By Terrence McCoy
By Scott Fishman
By Deirdra Funcheon
By Allie Conti
By New Times Staff
By Ryan Pfeffer
By Deirdra Funcheon
By Kyle Swenson
Let´s Be Civil
So these developers want to build another tower, right next door to the tower that a lot of rich people spent a lot of money to move into. This is literally in-your-face development, and the residents of Las Olas River House, that blue 42-story building that looms over the New River in Fort Lauderdale, were ready to push back. Tailpipe is talking about an ¨informational¨ meeting of the Downtown Fort Lauderdale Civic Association the other day, at which plans for the new 27-story 100 East Las Olas were being discussed.
About 50 Las Olas River House residents, who stand to have their precious stratospheric views impeded by new construction, crashed the party in the seventh-floor conference room at the Las Olas Grand. It was not a pretty confrontation.
In the middle of an impassioned speech in which one River House resident called the development firm Tarragon ¨appalling¨ for its reticence about parking and traffic problems the proposed new building might cause, Tarragon Vice President Michael Dumala cracked a smile.
¨I´m going to wipe that smile off your face,¨ said a bearded man, dressed in a burnt-sienna button down.
Somebody else interrupted. He was here to hear a presentation on the new building, not the complaints of River House folks, he said.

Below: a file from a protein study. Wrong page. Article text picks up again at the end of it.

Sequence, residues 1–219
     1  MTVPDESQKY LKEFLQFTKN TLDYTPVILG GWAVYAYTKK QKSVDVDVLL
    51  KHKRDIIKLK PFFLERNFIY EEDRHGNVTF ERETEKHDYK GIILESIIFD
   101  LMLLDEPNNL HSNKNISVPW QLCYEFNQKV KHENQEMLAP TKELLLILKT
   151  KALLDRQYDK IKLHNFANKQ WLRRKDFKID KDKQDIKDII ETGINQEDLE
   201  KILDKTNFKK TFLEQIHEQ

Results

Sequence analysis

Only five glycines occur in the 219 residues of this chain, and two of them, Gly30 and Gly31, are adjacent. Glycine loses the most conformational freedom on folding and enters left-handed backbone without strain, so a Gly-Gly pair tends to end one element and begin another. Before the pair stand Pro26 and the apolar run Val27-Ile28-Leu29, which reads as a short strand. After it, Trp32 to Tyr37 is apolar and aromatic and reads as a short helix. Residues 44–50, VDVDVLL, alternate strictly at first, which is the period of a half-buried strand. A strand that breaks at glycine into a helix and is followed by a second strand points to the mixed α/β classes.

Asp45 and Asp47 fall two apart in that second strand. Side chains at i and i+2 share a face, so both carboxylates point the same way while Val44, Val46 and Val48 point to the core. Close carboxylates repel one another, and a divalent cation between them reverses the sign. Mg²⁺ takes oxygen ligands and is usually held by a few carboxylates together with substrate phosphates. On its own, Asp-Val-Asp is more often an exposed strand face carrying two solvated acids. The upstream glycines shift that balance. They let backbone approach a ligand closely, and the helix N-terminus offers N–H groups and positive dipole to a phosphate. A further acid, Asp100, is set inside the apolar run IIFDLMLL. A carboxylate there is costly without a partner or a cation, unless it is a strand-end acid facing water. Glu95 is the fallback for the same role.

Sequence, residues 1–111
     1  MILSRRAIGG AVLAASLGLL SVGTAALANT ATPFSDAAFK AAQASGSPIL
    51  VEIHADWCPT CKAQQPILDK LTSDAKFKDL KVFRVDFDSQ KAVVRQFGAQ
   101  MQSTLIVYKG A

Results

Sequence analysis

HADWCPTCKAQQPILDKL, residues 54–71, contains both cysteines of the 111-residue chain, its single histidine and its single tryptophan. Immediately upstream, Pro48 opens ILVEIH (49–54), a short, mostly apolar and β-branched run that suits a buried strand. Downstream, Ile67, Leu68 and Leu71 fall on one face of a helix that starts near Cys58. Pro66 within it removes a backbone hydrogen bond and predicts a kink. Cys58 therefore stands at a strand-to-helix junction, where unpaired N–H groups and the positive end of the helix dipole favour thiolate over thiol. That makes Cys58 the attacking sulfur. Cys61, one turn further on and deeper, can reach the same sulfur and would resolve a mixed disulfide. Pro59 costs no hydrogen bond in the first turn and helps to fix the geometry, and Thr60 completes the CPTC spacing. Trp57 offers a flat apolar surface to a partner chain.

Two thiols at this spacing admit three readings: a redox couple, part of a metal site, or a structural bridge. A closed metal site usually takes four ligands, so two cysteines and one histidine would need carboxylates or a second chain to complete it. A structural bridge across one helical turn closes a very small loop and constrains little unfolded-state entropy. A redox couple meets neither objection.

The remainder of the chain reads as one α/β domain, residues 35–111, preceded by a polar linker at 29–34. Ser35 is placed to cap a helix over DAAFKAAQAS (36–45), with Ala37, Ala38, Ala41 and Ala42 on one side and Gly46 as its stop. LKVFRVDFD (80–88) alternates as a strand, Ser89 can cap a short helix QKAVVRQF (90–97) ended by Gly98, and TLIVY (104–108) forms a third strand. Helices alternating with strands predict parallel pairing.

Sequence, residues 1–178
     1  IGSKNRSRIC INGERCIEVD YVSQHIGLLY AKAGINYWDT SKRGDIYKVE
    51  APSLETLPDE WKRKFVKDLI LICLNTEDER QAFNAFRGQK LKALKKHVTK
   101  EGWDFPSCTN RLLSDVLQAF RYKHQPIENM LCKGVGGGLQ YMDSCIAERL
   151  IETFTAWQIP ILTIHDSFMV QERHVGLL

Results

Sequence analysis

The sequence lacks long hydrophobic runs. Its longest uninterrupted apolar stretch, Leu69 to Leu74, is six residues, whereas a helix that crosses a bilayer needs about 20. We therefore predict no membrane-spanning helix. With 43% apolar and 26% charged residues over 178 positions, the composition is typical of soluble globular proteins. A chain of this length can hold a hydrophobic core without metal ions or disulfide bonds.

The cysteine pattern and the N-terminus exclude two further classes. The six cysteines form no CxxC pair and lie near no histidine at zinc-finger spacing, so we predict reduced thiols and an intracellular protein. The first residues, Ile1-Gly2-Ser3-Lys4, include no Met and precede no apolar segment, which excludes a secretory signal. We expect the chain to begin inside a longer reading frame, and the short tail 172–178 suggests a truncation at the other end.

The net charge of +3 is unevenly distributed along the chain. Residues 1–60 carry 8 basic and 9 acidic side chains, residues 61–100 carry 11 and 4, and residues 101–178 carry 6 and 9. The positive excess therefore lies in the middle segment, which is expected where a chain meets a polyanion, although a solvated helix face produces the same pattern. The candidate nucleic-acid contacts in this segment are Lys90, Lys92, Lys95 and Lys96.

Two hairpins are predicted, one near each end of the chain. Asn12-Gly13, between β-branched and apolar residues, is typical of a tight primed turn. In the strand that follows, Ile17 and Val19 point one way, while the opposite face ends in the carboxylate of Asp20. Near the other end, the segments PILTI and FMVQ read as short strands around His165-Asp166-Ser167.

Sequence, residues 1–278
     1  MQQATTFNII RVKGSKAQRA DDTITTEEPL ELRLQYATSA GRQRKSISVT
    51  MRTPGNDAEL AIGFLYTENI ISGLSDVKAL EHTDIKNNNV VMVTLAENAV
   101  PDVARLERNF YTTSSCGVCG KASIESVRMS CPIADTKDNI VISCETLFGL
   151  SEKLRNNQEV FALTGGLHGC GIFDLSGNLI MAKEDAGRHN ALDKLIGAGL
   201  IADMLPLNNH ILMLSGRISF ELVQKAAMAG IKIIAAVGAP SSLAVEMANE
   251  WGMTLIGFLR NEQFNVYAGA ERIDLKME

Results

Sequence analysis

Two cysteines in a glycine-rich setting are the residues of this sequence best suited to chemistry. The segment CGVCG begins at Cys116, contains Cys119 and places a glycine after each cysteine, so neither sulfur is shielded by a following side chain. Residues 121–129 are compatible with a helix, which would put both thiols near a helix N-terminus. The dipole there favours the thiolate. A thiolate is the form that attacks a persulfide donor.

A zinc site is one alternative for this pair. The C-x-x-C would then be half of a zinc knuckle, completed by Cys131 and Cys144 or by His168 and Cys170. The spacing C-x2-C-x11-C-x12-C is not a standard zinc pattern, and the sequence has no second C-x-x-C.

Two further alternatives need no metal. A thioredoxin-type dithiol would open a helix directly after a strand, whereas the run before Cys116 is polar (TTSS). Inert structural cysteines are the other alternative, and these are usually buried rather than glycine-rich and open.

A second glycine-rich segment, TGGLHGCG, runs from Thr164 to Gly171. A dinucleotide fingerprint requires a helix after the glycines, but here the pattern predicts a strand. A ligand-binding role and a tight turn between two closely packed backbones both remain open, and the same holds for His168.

¨Excuse me -- may I finish?¨ the angry man asked.
¨No, you´re done,¨ the would-be argument stifler replied. Then he repeated with emphasis: ¨You´re done.¨
No so fast. He wasn´tdone. ¨Who are you to say I´m done?¨ the angry man asked.
¨I´m me,¨ said the argument stifler, who was beginning to seem more like an argument stoker. ¨Are you going to mop the floor with me?¨
Nervous laughter from the crowd. Then Roberta Schecter, an elderly member of the civic association who was wearing sparkly earrings, spoke up.
¨Can we be civil about this?¨ she asked.
¨Let´s be civil,¨ one crowd member said. ¨Let´s be civil,¨ agreed another.
¨I was civil!¨ said somebody who was not directly involved but apparently felt persecuted.
The angry man still wasn´t done. ¨If you sit there with a smirk on your face,¨ he said to Dumala, ¨I´m going to get even more angry.¨
¨I am not sitting here with a smirk on my face,¨ said Dumala, struggling to contain his smirk, ¨and I apologize if it came across that way.¨
The president of the civic association called the meeting back to order, somebody called the angry man a prick, and the presentation continued.
The big question from the River House side: Why couldn´t the developers make the neighboring building a little less hulking, a little less damaging to River House property values?
Tailpipe is not sure where this is heading. Will well-to-do tenants who bought apartments based on their sweeping views of the New River and the Atlantic convince city planners that the plan is truly appalling? Or will developers, propelled by the prerogatives of ownership, prevail? Quién sabe? All this emissions-venting cylinder knows is that, when it comes to property rights, the veneer of ¨civility¨ can be as fragile as that of a street brawl.